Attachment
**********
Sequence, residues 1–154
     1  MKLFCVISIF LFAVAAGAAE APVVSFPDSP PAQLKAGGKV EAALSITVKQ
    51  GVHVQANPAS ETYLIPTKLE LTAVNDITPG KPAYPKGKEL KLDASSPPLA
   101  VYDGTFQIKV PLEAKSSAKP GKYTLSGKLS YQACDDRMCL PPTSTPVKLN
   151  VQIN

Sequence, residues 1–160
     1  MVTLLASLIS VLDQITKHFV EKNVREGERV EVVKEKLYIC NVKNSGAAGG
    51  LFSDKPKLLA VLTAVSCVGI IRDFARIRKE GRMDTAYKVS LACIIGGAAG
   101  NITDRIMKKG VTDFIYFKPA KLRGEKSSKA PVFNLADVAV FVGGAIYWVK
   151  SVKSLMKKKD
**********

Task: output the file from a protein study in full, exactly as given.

Sequence, residues 1–154
     1  MKLFCVISIF LFAVAAGAAE APVVSFPDSP PAQLKAGGKV EAALSITVKQ
    51  GVHVQANPAS ETYLIPTKLE LTAVNDITPG KPAYPKGKEL KLDASSPPLA
   101  VYDGTFQIKV PLEAKSSAKP GKYTLSGKLS YQACDDRMCL PPTSTPVKLN
   151  VQIN

Sequence, residues 1–160
     1  MVTLLASLIS VLDQITKHFV EKNVREGERV EVVKEKLYIC NVKNSGAAGG
    51  LFSDKPKLLA VLTAVSCVGI IRDFARIRKE GRMDTAYKVS LACIIGGAAG
   101  NITDRIMKKG VTDFIYFKPA KLRGEKSSKA PVFNLADVAV FVGGAIYWVK
   151  SVKSLMKKKD